MEDIA REVIEW: INTO THE WILD: MUCH HYPE, BUT MISSED THE POINT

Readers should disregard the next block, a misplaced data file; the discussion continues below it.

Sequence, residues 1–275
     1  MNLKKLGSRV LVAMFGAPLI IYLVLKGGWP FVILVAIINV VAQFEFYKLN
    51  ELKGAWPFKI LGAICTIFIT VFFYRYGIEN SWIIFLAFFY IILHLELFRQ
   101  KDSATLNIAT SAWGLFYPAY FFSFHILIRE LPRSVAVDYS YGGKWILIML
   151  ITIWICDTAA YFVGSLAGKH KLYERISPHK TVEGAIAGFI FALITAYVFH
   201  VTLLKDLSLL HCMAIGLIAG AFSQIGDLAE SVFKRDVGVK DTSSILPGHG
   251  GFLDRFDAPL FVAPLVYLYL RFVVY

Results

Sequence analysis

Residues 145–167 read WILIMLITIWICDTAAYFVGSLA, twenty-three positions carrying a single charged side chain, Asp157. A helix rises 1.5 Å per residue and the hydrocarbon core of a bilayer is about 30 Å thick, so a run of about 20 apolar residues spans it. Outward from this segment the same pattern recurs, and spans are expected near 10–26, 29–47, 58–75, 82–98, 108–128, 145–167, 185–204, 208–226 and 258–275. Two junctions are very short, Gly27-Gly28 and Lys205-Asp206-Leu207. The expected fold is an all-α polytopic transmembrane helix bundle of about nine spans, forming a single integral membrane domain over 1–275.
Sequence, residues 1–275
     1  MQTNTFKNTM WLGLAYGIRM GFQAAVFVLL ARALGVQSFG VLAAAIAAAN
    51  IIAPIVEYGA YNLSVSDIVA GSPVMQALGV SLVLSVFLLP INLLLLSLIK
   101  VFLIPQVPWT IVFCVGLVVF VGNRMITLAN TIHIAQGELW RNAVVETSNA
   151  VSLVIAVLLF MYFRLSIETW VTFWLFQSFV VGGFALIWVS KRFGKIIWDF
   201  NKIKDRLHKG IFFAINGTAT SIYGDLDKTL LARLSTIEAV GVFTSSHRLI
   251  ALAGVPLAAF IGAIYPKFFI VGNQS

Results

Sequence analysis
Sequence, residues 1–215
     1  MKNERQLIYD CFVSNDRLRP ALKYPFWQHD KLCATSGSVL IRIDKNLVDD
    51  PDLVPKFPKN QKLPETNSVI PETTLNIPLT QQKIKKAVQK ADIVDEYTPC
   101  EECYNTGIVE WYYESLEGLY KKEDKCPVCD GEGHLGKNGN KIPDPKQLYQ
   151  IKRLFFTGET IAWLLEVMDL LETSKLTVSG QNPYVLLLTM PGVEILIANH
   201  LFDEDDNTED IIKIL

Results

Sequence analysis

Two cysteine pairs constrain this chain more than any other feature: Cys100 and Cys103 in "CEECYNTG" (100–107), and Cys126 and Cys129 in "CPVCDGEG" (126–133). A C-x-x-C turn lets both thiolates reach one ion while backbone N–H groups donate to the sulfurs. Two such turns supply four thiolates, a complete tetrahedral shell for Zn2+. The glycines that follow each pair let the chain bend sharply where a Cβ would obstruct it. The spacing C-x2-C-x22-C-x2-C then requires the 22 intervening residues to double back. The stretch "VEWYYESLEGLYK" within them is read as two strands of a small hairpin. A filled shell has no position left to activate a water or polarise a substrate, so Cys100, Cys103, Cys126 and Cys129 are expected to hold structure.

There has been a lot of publicity lately over Chris McCandless, a.k.a. Alexander Supertramp, a.k.a that overzealous Cheechako who died in an abandoned bus near Healy, Alaska, more than 15 years ago.In September, the big-budget movie ‘Into the Wild,’ directed by Sean Penn, was released first in Fairbanks, and then to the world. The film is based on Jon Krakauer’s best-selling book of the same name. Krakauer’s book recounts the story of a young, educated, privileged man who leaves it all behind to wander the States. He winds up in Alaska, where he was found dead and alone in September, 1992. The true story happened over two years in the early ‘90s.After getting his degree, a 22-year-old McCandless left his family, donated his savings to a charity, burned his pocket money, ditched his car and started his now famous journey north. He also threw out his ID and changed his name. His ultimate goal was to make it to Alaska. First, however, he traveled by foot, kayak and hitchhiking around the country, and met a variety of people. According to Krakauer’s book, McCandless touched and changed people’s lives as only saints had done before him. He wanted the romantic Alaska with its abundant wilderness and glowing aurora, but what he got was the real Alaska; harsh and unforgiving. He perished after a series of errors in this latter Alaska.McCandless headed into the wild via the Stampede Trail on the edge of Denali National Park and Preserve in April of 1992. He had little provisions – a 10-pound bag of rice, a couple of field guides and a rifle – and no experience. He crossed the Teklanika River and found an old, abandoned Fairbanks city bus. He lived in the bus for several months, living off berries, small game and one poached moose. When his body was found that September by hunters, he weighed just 67 pounds. He tried to leave at least once, but the Teklanika River, which he crossed with relative ease just a couple months earlier had swelled during the early summer thaw, growing impassable and ultimately sealing his fate.Recently, the movie has rekindled the McCandless debate. Many Alaskans pigeonhole the young upper-middle-class, Emory University graduate as a dumb, irresponsible kid. While he was certainly not dumb, he was idealistic and irresponsible. Some have even speculated he was mentally ill. McCandless came to Alaska to live off the land and to get away from corporate takeovers and consumerism. Instead, he found the junked bus 20 miles from the highway, scrounged for food, and eventually and inevitably starved to death because he was stubborn, inept and inexperienced. Krakauer’s original Outside magazine article (the story that preceded his book) stated that McCandless died after eating poisonous wild-pea seeds, which was later found to be false. In the book that followed, Krakauer claimed McCandless died from eating poisonous potato seeds, which again was later found to be false. “He was indeed poisoned, but the plant that killed him wasn’t wild sweet pea. The agent of his demise was wild potato, H. alpinum, the species plainly identified as nontoxic in Tanaina Plantlore,” wrote Krakauer on page 193 of Into the Wild. But further tests showed that no plant or seed caused McCandless’ death. The truth is that he died of starvation.Sean Penn needed a more exciting finish to his based-on-a-true-story movie than the truth, so the renowned actor/director ended the movie with McCandless, played by Emile Hirsch, writhing around after eating the supposedly toxic seeds. Penn claimed in earlier interviews that he wanted to be as accurate as possible with the movie. Why, then, did he knowingly end the film with a false claim?Regardless of how he died, McCandless is once again painted with the hero brush and the story is glamorized. The movie makes you feel sorry for the selfish young man who, while finding himself and realizing his dream, destroyed his family.“Sean is a seasoned film maker and he had this project in his mind before they started filming,” said the film’s producer, John Kelly, at the September 3 movie premiere in Fairbanks.“I was excited to work with Sean, but I didn’t know the story. Then we went to the bus and I was really shocked by how many people had visited the bus and how many had left notes. It was really a great thing to see.” McCandless’ parents and sister were on set for some of the film’s production, but they didn’t travel to Alaska. “I think the McCandless family was very happy with how the movie turned out,” said Kelly. “They were on set a few times in a few different places. His sister showed up in two different places. They were very supportive. I think they were impressed that all these people came together to make a story about their son.” The movie was about celebrating the journey and not the mistakes he made, Kelly added.“We scouted the whole area but when we came up to Fairbanks, that’s when we heard more criticism about the story. Only a few people have really been critical. A lot of people were really excited about the fact that Alaska was going to be represented, and I think Sean did a great job of showing that this is a destination.After spending all the time on the movie, we went to 36 cities following his path, we got back to Alaska and we got to see what an amazing place this is. It made us realize that he did exactly what he wanted to do in his life. He died tragically because of a few mistakes but he did what most people never do. Sometimes people make mistakes and perish because of them,” Kelly said.The film wasn’t shot at the bus because “Sean didn’t want to take that memorial and disgrace it. Everyone was in awe. Sometimes you forget that this is a real story but Sean was, like, ‘everything has to be exact.’” (Except, of course, the manner in which McCandless expired.) The crew found a replica bus in North Pole and brought it to the shooting location outside Cantwell. The original bus has become a shrine for followers of the story. In March of 2006, the bus contained several notes that were left to McCandless over the years. The mattress is not the same one that McCandless died on and despite the filmmakers’ observations this reporter didn’t see boots or jeans that were supposedly left there by McCandless. (Do they really think jeans and boots would survive 15 years of weather and visitors?)Because of the book and now the movie, the town of Healy wants to move the bus to prevent other McCandless pilgrims from meeting their own fate in the wilderness. Town officials want to haul the bus to a more accessible place where travelers could view it, but wouldn’t put themselves at risk by doing so.While some longtime Alaskans enjoyed the film, many did not.“I’m sort of offended by a couple of things,” said Dermot Cole, a longtime columnist for the Fairbanks Daily News-Miner and the author of five historical books about Alaska. “To me, one possible explanation for the whole thing is that the kid was mentally ill and, if that’s not true, than he was exceptionally cruel and neither of those things are dealt with in a sufficient way in the book and not at all in the movie. The more logical explanation for this is not youthful rebellion but mental illness, and by pretending that that’s not even in the realm of possibility. I just find that offensive. It’s the worst thing that can happen to a family and it didn’t seem to bother him at all. The movie portrays him so sympathetically, just like what he’s doing is normal.”“Contrary to what (professor) Roman Dial says, 95 or 90 percent of people do not come here like that,” added Cole, referring to an interview Dial gave after the film. “I mean, people don’t abandon their families and act so recklessly and irresponsibly.”The now disproved poisoning theory served as Penn’s dramatic ending in the movie, and this bothered many people. “If they were so concerned with accuracy in the movie, why didn’t they deal with that?” asked Cole. “Every time I hear movie makers talk about accuracy, I think it’s absurd.” Cole pointed out a couple other minor yet notable errors in the movie: the darkness in summer and the melting snow in the morning.I must say, for the most part, I agree with Cole. McCandless was selfish and arrogant. He was too smart to be that naïve. Friends have accused me of trying to be ‘a hardened Alaskan’ because of my stance on this now-contentious issue. That’s not it at all. I’m Canadian and have only been in Alaska for a couple of years, and although I’ve lived in the North (first Canada, then Finland) for nearly a decade, I don’t proclaim to be an expert by any means on these northern climes. I do, however, have a family that I love and respect. I too moved far away from them after graduating from college. The distance from Ottawa, Ontario, where I grew up, to Whitehorse, Yukon Territory, is nearly 4,000 miles. You have to tack on another 500 miles or so to get to Fairbanks. I still phone every week and let my family know what’s going on in my life and that I’m OK. McCandless didn’t come from a broken or abusive family. It appeared that he had a very close relationship with his sister, Carine, before taking off into the wild, never to be heard from or heard of until his family got word of his death.Why should we glamorize this? What, exactly, makes him such a hero? The movie does just that: it glorifies a foolhardy ingrate. Is this story so interesting because he died? If he had survived, surely, no one would care.“A lot of people think that he was seeking something else out and maybe we all are,” said Gordon Carlson, a liaison for the movie for the Native Village of Cantwell, and lifelong resident of the village. “It was just a lack of experience. Put me in L.A. and I’m out of my element, it doesn’t mean I’m stupid. “I don’t think he was a dumb kid.”Jillian Rogers is a freelance writer and photographer living in Fairbanks. She has covered sled dog races for seven years before venturing into mushing herself and now owns nine huskies.